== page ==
• The general form of the equations

      Ax  x
      Ax  I x  0
      A   I x  0
       A   I   0
                 Power Method
The basic computation of the power method is
summarized as
             Auk -1
        uk              and lim uk  1
             Auk -1          k 



The equation can be written as:
                                   Auk -1
         Auk -1  1uk -1  1 
                                   uk -1
                 Power Method
The basic computation of the power method is
summarized as
             Auk -1
        uk              and lim uk  1
             Auk -1          k 



The equation can be written as:
                                   Auk -1
         Auk -1  1uk -1  1 
                                   uk -1
                Shift method
It is possible to obtain another eigenvalue from the
set equations by using a technique known as
shifting the matrix.
              Ax  x
 Subtract the a vector from each side, thereby
 changing the maximum eigenvalue

   Ax sI x    s x
                Shift method
 The eigenvalue, s, is the maximum value of the
 matrix A. The matrix is rewritten in a form.


          B  A  m axI 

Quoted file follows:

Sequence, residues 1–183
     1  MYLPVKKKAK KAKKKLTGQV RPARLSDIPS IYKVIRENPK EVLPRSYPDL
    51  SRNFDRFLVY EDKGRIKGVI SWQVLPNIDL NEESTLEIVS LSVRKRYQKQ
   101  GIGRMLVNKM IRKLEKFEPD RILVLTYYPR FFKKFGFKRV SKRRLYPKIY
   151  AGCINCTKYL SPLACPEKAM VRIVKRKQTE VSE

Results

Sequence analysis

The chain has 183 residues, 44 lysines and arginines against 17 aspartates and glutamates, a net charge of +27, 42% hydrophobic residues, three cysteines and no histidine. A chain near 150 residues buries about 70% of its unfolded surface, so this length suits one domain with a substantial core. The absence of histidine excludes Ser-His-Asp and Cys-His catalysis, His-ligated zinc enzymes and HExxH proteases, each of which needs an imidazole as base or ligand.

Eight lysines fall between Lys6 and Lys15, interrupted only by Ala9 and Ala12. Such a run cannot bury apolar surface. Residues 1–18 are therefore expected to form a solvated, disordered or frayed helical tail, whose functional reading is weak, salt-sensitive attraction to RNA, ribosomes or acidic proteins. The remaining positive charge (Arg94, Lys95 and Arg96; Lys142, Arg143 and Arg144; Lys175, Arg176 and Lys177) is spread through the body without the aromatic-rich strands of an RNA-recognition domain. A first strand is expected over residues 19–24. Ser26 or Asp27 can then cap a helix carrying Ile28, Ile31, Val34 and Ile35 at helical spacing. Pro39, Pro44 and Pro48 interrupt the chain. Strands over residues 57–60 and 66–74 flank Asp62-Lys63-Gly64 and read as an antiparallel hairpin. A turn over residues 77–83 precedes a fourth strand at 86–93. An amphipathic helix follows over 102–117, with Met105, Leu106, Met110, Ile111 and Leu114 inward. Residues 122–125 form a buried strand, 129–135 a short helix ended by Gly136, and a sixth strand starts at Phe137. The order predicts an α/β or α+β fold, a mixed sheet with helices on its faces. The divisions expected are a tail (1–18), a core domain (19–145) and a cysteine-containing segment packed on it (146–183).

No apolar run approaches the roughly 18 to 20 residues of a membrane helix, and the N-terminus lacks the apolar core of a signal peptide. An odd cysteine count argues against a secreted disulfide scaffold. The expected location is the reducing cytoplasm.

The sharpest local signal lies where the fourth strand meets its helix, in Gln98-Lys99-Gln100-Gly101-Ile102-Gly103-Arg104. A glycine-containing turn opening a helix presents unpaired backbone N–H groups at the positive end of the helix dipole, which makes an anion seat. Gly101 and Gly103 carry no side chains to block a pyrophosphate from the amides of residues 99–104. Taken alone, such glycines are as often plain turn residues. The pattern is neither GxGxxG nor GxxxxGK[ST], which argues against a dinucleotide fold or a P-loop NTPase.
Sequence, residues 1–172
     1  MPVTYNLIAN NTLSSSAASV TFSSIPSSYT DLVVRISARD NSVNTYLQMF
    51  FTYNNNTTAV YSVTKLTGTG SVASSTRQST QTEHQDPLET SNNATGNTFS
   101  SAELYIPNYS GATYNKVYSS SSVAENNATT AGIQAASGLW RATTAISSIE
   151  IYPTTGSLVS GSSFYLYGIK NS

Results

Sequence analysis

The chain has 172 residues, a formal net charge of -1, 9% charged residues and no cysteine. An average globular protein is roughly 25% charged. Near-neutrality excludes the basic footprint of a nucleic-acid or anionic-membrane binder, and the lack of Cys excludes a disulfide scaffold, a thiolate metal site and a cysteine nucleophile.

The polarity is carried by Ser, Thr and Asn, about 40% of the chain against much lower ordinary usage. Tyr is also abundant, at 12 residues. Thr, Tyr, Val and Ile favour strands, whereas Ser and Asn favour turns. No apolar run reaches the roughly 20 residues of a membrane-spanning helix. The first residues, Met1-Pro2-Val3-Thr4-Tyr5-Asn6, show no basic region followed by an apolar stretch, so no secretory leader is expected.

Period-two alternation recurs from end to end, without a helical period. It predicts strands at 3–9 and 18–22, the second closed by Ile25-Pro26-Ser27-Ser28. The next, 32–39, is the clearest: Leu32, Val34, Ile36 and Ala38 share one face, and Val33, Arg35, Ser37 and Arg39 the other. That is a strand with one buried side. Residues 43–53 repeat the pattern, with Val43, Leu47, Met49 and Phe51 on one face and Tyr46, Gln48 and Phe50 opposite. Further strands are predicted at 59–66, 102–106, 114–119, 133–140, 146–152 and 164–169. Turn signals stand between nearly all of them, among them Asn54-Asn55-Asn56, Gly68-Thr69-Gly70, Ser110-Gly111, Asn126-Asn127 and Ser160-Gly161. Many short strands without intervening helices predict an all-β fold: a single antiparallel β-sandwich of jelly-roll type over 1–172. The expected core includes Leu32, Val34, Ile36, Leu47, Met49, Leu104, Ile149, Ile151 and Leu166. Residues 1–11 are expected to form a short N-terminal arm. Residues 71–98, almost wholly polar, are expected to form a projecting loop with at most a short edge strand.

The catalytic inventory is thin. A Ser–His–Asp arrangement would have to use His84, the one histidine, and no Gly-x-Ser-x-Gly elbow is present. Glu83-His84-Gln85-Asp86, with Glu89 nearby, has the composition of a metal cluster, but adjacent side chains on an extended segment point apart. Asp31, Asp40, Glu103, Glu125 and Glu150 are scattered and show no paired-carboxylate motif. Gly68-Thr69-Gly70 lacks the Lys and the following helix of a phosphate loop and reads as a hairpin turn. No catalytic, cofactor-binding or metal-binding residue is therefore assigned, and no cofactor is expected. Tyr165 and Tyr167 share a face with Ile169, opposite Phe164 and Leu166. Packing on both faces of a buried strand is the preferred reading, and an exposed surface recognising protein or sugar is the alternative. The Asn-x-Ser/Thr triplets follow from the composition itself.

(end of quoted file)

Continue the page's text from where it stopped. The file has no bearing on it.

Use the Power method to obtain the largest
eigenvalue of [B].
        Inverse Power Method

 The inverse method is similar to the power method,
 except that it finds the smallest eigenvalue. Using
 the following technique.

Ax  x        A Ax   A
                            1                  1
                                                     x
 1
     x  A x
               1
                           x  Bx
 
       Inverse Power Method

The algorithm is the same as the Power method and
the “eigenvector” is not the eigenvector for the
smallest eigenvalue. To obtain the smallest
eigenvalue from the power method.

                1                1
                         
                                
     Accelerated Power Method
The Power method can be accelerated by using the
Rayleigh Quotient instead of the largest wk value.

                Az1  1
The Rayeigh Quotient is defined as:
                       z' w
                  1 
                       z' z
     Accelerated Power Method
The values of the next z term is defined as:

                            w
                   z2 
                           1
The Power method is adapted to use the new value.
        QR factorization
• Another form of factorization

•            A = Q*R
• Produces an orthogonal matrix (“Q”) and a
  right upper triangular matrix (“R”)
• Orthogonal matrix - inverse is transpose

                 1
             Q        Q   T
         QR factorization
  Why do we care?
  We can use Q and R to find eigenvalues
  1. Get Q and R (A = Q*R)
  2. Let A = R*Q
  3. Diagonal elements of A are eigenvalue
     approximations
  4. Iterate until converged
Note: QR eigenvalue method gives all eigenvalues
      simultaneously, not just the dominant 
      Householder Matrix
  • Householder matrix reduces zk+1 ,…,zn to zero

                                      v
                 H  I  2 ww  ; w 
                                      v2
      x  x 1     x2      xk         x k 1  x n  
     y  Hx   y 1        y2          yk    0  0 

  • To achieve the above operation, v must be a
    linear combination of x and ek